Ten Tips for Managing a Food Services RFP for Your College or University

The spring semester is over, and you can finally breathe a sigh of relief. Or can you? Your food service contract expires next June or July. You have time – right?  You do, but getting organized now will set the stage for a successful process.

JGL manages 25 plus food service RFP’s annually across several verticals. We have gathered below best practices for managing a food services RFP in a college or university setting.

  1. Start preparing over the summer: Gather data including transaction counts, sales by month and location, square footage of café front and back of house, board plan metrics, equipment lists, etc. The more you have on hand, the less time you will need to spend gathering it once the process starts.
  2. Decide whether you are using a consultant or self-managing: The advantages of using a consultant include minimizing stress and time commitments from your staff and getting the benefits of the consultant’s industry knowledge. While there is, of course, a fee associated with a consultant, in our experience the fee is more than offset by time savings and superior financial terms.
  3. Determine the selection committee: We recommend a committee of no more than 8-10 made up of staff, faculty and students. Make sure all committee members understand the time that will be required.
  4. Assess your needs: Study the existing operation to understand where the pain points are and identify what you want to see changed. We find this is best done in an assessment process in advance of the RFP development.
  5. Consider your values: Now is a great time to incorporate mission matters including sustainability, DEIA, food insecurity and other key values into your food service operation.
  6. Identify financial expectations: If capital expenditure or a commission returns are important to your institution, be clear about that in the RFP.
  7. Calendar key dates: Determine dates for the bidders meeting, oral interviews and follow up meetings. Book the space and put calendar holds out now. Trust us on this one.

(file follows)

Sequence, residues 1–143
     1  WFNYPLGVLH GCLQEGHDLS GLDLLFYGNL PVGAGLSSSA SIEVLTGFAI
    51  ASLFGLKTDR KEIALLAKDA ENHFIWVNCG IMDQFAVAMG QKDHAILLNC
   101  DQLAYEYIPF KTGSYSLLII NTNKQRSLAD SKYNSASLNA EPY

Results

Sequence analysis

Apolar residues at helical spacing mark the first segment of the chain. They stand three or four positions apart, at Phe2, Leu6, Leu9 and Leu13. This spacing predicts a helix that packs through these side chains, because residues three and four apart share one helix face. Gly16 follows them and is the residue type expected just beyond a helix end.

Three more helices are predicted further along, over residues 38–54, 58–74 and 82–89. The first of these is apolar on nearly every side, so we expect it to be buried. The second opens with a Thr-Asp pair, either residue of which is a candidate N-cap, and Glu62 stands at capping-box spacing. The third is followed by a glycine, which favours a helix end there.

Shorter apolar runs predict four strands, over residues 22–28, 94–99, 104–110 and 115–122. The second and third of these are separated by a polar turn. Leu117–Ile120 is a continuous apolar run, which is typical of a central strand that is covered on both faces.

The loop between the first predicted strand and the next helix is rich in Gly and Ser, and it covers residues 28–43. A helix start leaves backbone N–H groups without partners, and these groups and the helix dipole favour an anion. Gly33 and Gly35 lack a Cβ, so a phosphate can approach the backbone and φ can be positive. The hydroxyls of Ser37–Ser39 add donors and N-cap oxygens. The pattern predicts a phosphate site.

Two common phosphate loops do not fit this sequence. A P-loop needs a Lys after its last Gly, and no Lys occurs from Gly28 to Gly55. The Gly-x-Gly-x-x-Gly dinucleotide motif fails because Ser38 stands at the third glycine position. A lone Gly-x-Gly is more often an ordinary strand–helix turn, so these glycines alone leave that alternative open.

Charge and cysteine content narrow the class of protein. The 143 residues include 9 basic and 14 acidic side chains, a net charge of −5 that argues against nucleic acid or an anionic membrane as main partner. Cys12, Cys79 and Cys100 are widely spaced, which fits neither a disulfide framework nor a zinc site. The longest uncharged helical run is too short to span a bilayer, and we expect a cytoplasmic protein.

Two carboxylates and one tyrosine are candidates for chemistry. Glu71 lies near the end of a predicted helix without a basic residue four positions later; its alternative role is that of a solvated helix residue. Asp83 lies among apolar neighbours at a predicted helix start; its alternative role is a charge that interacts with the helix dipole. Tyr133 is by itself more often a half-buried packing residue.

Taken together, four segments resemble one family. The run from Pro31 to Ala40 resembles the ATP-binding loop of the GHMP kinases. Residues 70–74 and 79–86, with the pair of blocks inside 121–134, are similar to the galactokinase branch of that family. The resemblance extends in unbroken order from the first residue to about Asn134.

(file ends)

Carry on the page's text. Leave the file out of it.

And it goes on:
8. Connect with potential vendors: The best response to an RFP is a result of initial groundwork. Reach out to prospective vendors, learn about their unique selling points and determine whether to invite them to the process. Vendors are much more likely to respond to an RFP when there is some existing relationship. Note: we strongly advocate sharing only the basics with potential vendors at this preliminary stage to ensure a level playing field.
  9. Draft an RFP that is rich with data: The more information you can provide about the existing operation, the better bidders will be able to develop accurate pro forma projections.
  10. Leave adequate time for oral interviews: We counsel clients to allow at least two hours to meet with each short-listed candidate. Earmarking this time allows for a rich dialogue which in turn supports the committee’s ability to recommend a top candidate.

The food service selection process for a university or college is a great opportunity to focus on ways in which food service supports students, their life on campus and retention. Follow our tips above, or better yet call us to assist, and you will be on your way to a successful process!



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